Revivio Inc. provides continuous data protection (CDP) and backup to businesses of all sizes. Three years ago, when the Lexington, Mass.-based company first started selling its products, its marketing program was all about education, explaining what CDP is and why companies need it. Today, however, the company is shifting gears. Education is still a priority, but the company is now more focused on lead generation.
The company recently launched a six-week campaign with a message that stresses how CDP helps businesses lower storage costs by up to 50% and increases data recovery time, said Diane Clay, Revivio VP-marketing. The campaign consisted of three e-mail messages, a phone call and a piece of direct mail that went out to about 1,000 IT directors, storage managers and infrastructure managers in key regions including the Northeast and Southeast. The list, Clay said, was a combination of an internal database and a purchased list.
Each personalized component, she said, carried the same theme—Revivio saves customers money—along with an offer for a free personal stereo for recipients who participated in a sales call with the company.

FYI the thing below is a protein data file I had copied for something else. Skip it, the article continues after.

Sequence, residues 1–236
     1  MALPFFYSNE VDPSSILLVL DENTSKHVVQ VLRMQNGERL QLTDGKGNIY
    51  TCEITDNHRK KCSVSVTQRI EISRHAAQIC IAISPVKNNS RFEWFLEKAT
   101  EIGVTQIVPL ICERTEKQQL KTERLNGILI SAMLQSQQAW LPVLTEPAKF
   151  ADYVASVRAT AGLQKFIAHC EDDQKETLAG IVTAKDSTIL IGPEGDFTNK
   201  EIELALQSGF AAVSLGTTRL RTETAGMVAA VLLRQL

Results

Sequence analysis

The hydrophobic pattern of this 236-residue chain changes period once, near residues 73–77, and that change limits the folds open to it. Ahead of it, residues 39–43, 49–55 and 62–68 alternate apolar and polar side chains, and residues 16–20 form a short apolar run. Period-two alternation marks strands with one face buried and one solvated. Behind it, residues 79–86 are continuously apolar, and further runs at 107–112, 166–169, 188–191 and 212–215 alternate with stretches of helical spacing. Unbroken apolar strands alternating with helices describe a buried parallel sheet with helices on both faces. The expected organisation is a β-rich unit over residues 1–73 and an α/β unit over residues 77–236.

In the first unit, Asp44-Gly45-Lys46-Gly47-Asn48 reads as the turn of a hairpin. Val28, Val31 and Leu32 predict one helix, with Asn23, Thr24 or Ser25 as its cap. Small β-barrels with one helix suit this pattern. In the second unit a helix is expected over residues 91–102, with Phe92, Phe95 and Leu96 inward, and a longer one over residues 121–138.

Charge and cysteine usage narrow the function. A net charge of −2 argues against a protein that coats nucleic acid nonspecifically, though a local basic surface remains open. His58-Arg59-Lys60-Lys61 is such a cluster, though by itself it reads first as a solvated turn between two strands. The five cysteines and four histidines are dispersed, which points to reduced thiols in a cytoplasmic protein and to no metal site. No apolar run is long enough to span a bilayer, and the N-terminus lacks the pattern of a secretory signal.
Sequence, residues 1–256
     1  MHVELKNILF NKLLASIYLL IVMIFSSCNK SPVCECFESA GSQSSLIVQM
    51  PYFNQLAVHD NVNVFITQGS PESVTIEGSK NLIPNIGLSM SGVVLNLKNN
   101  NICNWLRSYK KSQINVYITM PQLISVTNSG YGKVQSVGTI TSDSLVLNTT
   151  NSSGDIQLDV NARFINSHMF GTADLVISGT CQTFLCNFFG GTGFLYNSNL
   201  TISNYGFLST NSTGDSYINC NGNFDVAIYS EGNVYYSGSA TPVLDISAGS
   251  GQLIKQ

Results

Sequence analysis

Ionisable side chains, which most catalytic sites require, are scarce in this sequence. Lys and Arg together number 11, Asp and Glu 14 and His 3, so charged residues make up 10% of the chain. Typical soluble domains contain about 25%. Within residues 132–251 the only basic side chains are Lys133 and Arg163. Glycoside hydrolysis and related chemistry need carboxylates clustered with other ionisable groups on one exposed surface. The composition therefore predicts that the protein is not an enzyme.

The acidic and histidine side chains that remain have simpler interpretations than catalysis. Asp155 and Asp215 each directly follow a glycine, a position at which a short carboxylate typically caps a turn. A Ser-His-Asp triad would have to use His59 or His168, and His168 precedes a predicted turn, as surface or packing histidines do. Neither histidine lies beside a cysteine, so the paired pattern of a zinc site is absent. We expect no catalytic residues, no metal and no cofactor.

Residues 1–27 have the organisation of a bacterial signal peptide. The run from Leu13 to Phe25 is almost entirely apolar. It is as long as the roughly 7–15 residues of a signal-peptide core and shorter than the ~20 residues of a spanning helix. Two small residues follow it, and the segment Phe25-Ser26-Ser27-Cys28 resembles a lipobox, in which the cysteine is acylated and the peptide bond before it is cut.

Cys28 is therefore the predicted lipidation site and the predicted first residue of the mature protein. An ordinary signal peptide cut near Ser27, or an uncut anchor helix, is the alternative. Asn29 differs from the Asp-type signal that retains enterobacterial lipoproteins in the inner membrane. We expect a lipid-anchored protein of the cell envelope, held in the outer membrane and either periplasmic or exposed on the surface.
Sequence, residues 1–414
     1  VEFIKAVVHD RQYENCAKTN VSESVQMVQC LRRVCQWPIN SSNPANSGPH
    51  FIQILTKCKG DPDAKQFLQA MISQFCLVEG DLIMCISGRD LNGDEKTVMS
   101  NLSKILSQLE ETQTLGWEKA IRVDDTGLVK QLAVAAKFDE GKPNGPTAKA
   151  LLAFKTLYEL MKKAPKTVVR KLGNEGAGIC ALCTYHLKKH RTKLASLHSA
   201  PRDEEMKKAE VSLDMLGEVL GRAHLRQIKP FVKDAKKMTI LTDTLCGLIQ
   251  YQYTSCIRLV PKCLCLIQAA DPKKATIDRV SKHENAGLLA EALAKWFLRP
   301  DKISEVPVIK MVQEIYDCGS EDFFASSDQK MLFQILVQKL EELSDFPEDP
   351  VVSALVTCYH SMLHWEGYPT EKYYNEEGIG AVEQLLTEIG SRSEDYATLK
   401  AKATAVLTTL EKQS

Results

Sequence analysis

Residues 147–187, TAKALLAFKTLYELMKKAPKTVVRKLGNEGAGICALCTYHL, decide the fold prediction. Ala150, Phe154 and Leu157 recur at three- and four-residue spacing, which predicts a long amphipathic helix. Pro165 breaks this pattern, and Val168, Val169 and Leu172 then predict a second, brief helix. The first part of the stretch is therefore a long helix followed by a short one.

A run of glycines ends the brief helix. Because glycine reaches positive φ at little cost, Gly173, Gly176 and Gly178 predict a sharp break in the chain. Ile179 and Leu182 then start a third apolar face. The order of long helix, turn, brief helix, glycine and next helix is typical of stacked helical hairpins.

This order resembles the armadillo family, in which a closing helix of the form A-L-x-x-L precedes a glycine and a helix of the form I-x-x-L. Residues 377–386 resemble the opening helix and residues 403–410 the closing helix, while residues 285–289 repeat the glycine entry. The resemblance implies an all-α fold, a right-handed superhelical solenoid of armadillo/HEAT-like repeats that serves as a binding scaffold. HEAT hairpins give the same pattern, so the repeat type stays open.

“It said, ‘Your storage budget is too high. Talking to Revivio can reduce it.’ ” Clay said. “The second e-mail message played off that message, and got into more detail about the things we can do for customers.”
After the second e-mail, Revivio contacted prospects by phone and postal mail. The final e-mail reiterated the fact that the company wasn’t going away, and that it really wanted to help prospects with their storage problems, Clay said. The combination worked: The campaign had a 60% response rate. Although prospects were contacted in one of three ways, Clay said, the real winner ended up being the e-mail portion of the campaign.
“Most of the responses we received came from e-mail. We spoke to prospects and they said they liked [the e-mails] because they were short, concise and punchy,” she said.
They also responded because they were already familiar with the Revivio brand, Clay said, citing the company’s previous branding and education advertising efforts, which included banner ads on Forbes.com, Gartner Inc. webcasts, pay-per-click advertising and a monthly newsletter.
“We were validated. All those campaigns laid the groundwork to say, ‘Yes, they are a real company.’ ”
Even more important, those prospects were looking for information—not just a free personal stereo. “Most of the people we spoke to said they couldn’t accept the stereo because of their corporate policies, but they still wanted to talk,” she said. “It was like, ‘What do you mean that you can save me money?’ ”